The Drove Vet Hospital, Swindon
For farmers in the south west, there is an exciting initiative starting – The Healthy Livestock project, part of the South West Healthy Livestock Initiative (SWHLI). This is funded through the Rural Development Programme for England, from the EU and DEFRA, and is available for 2.5 years for specific ruminant disease advice.
Projects are available for holdings in Devon, Cornwall, Somerset, Dorset, Wiltshire, Gloucestershire and the former county of Avon.
The disease areas involved are mastitis, BVD, Johnes, lameness and respiratory disease and up to 70% funding is available with the rest to be paid by farmers.
Find out whether your vet is involved by calling them – it’s an opportunity not to be missed.
Alnorthumbria Vet Group, Alnwick
We have held a number of autumn workshops offering advice and practical demonstrations on best practice for weaning and housing of calves. However, outbreaks of pneumonia remain an annual problem. Look out for reduced feed intake as an indicator of an impending outbreak. Early intervention will increase the range of treatment options available. Fresh cases, animals with a high temperature but not yet affected by a snotty nose, are suitable candidates for sampling by means of nasal swabs and lung washes. The identification of specific viruses or bacteria then allows us to tailor a treatment plan for the farm, which could then include group vaccination as well as treatment for sick individuals.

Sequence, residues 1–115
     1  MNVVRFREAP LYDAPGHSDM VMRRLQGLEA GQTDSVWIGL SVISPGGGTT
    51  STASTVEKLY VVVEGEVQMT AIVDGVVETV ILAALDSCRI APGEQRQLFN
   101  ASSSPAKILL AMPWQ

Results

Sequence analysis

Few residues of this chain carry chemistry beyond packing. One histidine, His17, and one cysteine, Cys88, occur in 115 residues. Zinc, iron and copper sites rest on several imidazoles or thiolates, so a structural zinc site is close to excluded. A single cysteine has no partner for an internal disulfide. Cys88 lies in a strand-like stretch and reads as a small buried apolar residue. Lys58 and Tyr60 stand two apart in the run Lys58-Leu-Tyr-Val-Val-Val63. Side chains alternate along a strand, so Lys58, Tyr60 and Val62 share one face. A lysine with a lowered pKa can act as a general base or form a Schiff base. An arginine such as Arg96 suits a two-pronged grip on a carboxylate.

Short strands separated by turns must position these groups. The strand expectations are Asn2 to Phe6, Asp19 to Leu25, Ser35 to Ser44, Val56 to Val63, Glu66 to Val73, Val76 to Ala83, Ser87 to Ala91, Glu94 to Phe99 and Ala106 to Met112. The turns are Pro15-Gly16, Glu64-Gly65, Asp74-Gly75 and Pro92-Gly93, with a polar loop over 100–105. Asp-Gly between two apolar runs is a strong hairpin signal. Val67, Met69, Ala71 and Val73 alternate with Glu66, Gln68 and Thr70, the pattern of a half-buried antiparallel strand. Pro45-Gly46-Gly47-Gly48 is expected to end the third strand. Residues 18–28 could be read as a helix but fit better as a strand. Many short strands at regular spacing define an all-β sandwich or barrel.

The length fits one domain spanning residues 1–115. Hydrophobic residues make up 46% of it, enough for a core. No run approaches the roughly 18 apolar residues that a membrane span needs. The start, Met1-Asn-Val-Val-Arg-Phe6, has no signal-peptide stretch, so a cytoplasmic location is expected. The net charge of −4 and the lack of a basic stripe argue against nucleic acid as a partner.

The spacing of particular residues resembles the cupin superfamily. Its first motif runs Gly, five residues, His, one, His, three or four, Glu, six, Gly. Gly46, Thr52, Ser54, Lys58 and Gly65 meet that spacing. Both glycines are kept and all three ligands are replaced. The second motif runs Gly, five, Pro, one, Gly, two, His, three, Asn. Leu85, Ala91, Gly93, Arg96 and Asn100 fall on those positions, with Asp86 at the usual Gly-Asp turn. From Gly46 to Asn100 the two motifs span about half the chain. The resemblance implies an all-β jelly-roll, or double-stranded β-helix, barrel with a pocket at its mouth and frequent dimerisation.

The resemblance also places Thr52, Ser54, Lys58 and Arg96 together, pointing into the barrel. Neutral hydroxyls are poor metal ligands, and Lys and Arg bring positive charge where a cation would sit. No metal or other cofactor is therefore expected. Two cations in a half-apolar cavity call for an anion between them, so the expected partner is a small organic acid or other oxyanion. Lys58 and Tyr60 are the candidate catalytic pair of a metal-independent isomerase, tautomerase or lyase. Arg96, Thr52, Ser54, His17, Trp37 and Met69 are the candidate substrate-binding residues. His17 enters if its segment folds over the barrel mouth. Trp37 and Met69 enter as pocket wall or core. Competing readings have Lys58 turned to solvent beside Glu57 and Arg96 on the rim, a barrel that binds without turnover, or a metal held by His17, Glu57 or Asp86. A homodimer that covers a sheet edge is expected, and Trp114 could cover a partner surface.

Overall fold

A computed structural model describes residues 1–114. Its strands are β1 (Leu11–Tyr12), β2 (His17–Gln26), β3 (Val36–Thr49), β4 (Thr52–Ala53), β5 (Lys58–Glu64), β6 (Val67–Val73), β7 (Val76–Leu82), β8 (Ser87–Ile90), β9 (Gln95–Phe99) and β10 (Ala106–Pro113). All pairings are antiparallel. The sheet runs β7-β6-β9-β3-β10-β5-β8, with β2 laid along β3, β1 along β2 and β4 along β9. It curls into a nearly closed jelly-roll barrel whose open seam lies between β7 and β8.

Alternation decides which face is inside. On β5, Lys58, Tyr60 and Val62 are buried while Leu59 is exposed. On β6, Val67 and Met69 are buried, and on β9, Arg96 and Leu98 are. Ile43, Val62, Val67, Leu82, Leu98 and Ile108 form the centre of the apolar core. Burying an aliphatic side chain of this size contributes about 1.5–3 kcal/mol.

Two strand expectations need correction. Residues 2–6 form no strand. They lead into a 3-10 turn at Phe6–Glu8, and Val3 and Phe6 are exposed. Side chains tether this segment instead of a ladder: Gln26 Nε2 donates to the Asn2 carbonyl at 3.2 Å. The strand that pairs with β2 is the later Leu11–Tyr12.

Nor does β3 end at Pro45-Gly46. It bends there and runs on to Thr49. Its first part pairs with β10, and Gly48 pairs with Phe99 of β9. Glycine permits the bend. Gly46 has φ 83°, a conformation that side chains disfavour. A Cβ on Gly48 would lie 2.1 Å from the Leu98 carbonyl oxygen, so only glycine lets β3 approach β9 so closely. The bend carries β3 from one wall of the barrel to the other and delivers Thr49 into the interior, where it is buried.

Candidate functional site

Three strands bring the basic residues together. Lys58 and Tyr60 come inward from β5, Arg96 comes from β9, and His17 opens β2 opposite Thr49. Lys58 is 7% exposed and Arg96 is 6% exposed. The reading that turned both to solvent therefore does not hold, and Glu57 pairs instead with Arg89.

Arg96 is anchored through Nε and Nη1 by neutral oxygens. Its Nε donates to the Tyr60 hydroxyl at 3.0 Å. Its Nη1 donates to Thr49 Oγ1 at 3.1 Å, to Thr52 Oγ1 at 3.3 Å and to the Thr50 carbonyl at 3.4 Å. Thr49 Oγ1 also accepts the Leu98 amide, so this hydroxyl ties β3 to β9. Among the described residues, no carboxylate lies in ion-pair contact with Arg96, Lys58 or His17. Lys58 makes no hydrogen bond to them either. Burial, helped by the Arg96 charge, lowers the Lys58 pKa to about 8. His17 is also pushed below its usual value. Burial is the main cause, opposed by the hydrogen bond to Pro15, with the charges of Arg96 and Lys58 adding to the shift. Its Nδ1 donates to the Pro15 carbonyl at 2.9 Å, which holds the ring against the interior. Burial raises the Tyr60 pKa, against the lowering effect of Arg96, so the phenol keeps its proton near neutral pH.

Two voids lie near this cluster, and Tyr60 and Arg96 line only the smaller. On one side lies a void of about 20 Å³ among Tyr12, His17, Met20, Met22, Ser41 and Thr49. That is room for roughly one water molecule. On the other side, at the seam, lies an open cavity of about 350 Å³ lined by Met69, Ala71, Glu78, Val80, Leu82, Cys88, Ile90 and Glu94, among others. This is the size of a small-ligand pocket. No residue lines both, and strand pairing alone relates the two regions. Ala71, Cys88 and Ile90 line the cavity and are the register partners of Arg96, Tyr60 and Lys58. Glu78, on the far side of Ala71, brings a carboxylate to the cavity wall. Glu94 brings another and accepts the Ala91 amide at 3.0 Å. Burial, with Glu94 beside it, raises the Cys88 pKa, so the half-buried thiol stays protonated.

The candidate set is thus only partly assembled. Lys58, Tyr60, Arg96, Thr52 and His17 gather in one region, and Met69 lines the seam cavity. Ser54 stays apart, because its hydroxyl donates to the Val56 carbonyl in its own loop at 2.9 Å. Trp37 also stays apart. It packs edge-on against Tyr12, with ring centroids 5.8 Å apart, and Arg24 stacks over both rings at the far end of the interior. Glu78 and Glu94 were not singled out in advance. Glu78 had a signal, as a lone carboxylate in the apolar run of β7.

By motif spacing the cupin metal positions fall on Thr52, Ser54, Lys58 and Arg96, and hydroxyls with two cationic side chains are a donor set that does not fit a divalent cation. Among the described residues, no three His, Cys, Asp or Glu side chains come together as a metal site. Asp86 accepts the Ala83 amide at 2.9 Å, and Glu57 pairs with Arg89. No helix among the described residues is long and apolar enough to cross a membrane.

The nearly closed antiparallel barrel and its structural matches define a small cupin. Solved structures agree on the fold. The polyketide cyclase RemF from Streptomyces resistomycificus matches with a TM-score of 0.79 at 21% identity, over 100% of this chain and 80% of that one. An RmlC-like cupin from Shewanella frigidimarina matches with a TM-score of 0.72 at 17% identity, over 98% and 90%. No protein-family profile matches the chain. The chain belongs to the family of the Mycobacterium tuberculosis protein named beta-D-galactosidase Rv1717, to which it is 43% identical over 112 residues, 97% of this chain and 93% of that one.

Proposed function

Rosevean Vet Practice, Penzance
We frequently see serious problems associated with BVD virus and have diagnosed a number of persistently infected (PI) animals recently. The biggest biosecurity risk is bought in animals. When buying any animal in it is important they are quarantined and blood tested for BVD and other infectious diseases.
When PI animals are brought into vaccinated herds, this can also cause problems. Vaccination is effective, but can be overcome in the face of a PI animal excreting large amounts of virus. To fully control BVD in a herd it is essential to remove the PI animals as well as vaccinating. Blood testing yearlings can tell you if PI animals are likely to be present in the herd.
Friars Moor Vet Clinic, Sturminster
The practice is once again seeing its busiest period for TB testing as the herds are being brought in for the winter. With the future of testing currently looking uncertain I would urge people to think about the benefits of having your vet perform your test.
Very rarely do I come away from a farm where I have been testing without having also done some PDs or been asked to look at an off-colour cow or a batch of coughing calves.
The TB test is not just a means of controlling TB – it is an ideal time to raise any concerns that you may have and to discuss any aspects of herd health that you may not ordinarily want to especially call the vet out to.
All contributing vets are members of XLVets, a group of vet practices which work together, alongside commercial research and manufacturing companies. They aim to share best practice on advice and disease prevention initiatives.